Hafiz Saeed pleads for defence lawyer in US court
Jamaat-ud-Dawah chief Hafiz Saeed on Thursday submitted a fresh application in a Pakistani court asking the judge to direct the government to defend him in a US lawsuit filed by relatives of victims of the 2008 Mumbai attacks.world Updated: Jan 20, 2011 21:02 IST
Jamaat-ud-Dawah chief Hafiz Saeed on Thursday submitted a fresh application in a Pakistani court asking the judge to direct the government to defend him in a US lawsuit filed by relatives of victims of the 2008 Mumbai attacks.
Saeed, who has been linked to the banned Lashker-e-Taiba terror outfit, had earlier filed an application in the court of justice Nasir Saeed Sheikh of the Lahore high court but sought permission from the judge on Monday to place the matter before chief justice Ijaz Ahmad Chaudhry.
"On the direction of Justice Sheikh, we filed the application in the chief justice's court today," A K Dogar, the counsel for Saeed, told PTI.
Dogar said he expected the application to be taken up by the court in the next few days.
Saeed had contended that he wanted the application to be taken up by chief justice Chaudhry as the latter had heard similar cases involving the JuD chief in the past.
Chaudhry, who was recently appointed chief justice of the Lahore high court, headed a division bench that freed Saeed from house arrest on June 2, 2009.
Saeed had then been detained by Pakistani authorities after the UN Security Council declared the JuD a front for the banned Lashker-e-Taiba.
Chaudhry has also ruled in favour of several petitions filed by pro-Islamist organisations and groups.
In a controversial ruling last year, he briefly banned Facebook after some groups objected to pages on the social networking website that featured blasphemous caricatures of Prophet Mohammed.
In his application, Saeed asked the court to direct the federal government to appoint a counsel to defend him in the lawsuit filed in a Brooklyn court by relatives of two Jewish victims of the 2008 attacks.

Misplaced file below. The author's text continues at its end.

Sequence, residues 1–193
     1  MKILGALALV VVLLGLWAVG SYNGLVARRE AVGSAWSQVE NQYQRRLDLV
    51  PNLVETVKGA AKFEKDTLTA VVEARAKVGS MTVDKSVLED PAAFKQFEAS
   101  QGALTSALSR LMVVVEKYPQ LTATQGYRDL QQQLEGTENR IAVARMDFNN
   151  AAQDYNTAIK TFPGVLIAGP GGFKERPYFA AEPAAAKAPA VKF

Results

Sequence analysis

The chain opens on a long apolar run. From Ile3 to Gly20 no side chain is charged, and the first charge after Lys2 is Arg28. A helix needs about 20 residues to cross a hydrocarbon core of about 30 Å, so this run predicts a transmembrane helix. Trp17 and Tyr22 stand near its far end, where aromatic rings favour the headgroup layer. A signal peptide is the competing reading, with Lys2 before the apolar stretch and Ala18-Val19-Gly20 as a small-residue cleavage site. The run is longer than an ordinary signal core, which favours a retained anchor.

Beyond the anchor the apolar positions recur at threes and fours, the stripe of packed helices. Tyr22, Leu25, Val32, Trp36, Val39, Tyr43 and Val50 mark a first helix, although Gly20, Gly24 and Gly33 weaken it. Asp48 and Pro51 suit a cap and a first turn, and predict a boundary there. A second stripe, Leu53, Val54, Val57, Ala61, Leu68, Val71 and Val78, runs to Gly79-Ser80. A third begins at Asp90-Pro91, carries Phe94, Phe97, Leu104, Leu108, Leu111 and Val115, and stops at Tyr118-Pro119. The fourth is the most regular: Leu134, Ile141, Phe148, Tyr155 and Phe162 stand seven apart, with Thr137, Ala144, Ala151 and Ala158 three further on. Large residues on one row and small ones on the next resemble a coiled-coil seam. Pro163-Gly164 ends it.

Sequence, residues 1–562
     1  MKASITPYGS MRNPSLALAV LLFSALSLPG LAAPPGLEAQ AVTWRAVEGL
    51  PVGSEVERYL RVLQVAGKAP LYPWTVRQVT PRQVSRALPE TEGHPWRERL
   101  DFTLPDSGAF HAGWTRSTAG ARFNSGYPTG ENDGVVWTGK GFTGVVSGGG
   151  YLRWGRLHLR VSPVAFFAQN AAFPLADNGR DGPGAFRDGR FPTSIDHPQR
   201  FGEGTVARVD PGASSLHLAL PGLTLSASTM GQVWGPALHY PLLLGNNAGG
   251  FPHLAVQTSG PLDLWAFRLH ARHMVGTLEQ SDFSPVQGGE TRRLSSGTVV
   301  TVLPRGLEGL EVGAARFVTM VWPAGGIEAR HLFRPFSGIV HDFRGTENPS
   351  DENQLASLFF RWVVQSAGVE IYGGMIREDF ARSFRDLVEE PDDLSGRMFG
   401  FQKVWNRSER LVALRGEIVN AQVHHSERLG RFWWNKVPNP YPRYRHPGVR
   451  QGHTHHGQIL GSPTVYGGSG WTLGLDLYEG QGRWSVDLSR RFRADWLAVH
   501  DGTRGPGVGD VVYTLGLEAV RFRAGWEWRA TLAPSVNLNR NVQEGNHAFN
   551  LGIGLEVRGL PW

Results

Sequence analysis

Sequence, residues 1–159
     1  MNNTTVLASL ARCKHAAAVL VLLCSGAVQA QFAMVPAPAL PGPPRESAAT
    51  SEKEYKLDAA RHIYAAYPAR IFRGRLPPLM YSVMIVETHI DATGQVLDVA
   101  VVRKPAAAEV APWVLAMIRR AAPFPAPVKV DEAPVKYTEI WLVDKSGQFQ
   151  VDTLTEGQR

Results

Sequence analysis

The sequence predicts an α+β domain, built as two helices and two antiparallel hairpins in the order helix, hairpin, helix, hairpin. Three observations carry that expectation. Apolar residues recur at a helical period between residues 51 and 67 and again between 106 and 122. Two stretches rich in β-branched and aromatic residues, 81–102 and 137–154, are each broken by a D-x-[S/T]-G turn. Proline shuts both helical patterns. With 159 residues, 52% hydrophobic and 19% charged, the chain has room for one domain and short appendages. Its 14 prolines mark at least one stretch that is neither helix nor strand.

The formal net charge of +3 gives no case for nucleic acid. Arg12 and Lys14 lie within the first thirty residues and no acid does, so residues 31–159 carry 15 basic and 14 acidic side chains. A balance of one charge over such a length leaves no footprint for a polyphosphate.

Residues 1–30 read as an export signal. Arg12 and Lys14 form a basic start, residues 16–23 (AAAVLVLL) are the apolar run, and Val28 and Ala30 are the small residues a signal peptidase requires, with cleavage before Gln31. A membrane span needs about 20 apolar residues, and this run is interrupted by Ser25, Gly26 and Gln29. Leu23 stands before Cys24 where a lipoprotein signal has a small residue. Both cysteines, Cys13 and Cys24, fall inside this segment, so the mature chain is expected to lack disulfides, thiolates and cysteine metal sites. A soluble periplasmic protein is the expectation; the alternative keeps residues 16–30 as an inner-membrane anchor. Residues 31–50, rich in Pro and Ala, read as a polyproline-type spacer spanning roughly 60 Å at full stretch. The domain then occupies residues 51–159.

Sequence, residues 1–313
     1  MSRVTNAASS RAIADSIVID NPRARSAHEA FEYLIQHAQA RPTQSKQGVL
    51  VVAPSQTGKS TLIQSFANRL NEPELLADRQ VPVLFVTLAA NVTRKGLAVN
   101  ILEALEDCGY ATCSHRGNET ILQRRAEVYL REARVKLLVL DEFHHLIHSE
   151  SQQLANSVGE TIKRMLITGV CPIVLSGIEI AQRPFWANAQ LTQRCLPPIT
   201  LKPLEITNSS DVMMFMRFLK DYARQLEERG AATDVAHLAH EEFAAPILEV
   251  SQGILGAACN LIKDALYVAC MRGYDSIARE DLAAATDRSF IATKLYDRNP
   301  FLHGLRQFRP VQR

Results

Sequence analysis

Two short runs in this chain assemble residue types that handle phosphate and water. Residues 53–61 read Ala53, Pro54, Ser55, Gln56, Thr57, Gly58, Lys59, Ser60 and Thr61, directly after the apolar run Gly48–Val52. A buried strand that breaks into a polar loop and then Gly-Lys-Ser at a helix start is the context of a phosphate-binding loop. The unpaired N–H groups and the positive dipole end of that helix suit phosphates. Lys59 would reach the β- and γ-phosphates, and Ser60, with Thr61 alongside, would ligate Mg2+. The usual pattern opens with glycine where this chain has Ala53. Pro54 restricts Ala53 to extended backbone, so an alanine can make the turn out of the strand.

Saeed claimed he had the right to seek aid from the government as it had decided to defend the officials of the powerful spy agency Inter-Services Intelligence named in the lawsuit.
The Pakistan government has already skirted the issue of defending Saeed in the US lawsuit, with the Foreign Office spokesman saying authorities would only protect the interests of officials named in the case.
Pakistan's decision to defend ISI officials does not apply to "non-officials", the spokesman said last week.
Even as he seeks legal aid from the government for the US lawsuit, Saeed has said he refuses to accept the jurisdiction of the American court that has issued summon's to him and ISI officials.
Saeed submitted his objection to the summons to the US court through his counsel Dogar. Dogar said Saeed did not recognise the jurisdiction of any US court and was filing the reply to protest the "unwarranted and illegal" summons.
He claimed neither international nor American law allowed the US court to extend its jurisdiction to another country. "We cannot expect justice from any American court, even if it had jurisdiction," he said.
Dogar repeated Saeed's claim that he had nothing to do with the banned Lashker-e-Taiba and that the JuD was a "charitable organisation".